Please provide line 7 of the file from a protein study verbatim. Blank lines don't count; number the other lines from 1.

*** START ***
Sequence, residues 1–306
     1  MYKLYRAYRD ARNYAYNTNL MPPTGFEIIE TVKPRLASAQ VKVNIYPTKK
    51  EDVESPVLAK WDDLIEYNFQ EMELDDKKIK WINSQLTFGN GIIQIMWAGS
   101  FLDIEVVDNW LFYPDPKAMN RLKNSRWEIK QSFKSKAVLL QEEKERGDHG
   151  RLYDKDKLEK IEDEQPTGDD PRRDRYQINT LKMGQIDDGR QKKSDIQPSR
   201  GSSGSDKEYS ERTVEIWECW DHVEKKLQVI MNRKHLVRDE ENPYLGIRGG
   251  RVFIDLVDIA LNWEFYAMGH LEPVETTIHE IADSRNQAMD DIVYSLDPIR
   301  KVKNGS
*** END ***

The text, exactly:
   251  RVFIDLVDIA LNWEFYAMGH LEPVETTIHE IADSRNQAMD DIVYSLDPIR